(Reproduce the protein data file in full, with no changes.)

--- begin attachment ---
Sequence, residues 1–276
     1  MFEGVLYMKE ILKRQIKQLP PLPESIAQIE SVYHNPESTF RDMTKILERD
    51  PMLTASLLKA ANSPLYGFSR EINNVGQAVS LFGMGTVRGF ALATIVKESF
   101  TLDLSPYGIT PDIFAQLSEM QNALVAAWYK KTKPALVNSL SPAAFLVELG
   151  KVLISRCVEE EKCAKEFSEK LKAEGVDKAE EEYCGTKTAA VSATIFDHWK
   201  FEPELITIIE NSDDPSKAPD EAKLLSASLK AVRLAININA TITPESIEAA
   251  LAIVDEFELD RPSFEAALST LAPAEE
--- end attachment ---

Sequence, residues 1–276
     1  MFEGVLYMKE ILKRQIKQLP PLPESIAQIE SVYHNPESTF RDMTKILERD
    51  PMLTASLLKA ANSPLYGFSR EINNVGQAVS LFGMGTVRGF ALATIVKESF
   101  TLDLSPYGIT PDIFAQLSEM QNALVAAWYK KTKPALVNSL SPAAFLVELG
   151  KVLISRCVEE EKCAKEFSEK LKAEGVDKAE EEYCGTKTAA VSATIFDHWK
   201  FEPELITIIE NSDDPSKAPD EAKLLSASLK AVRLAININA TITPESIEAA
   251  LAIVDEFELD RPSFEAALST LAPAEE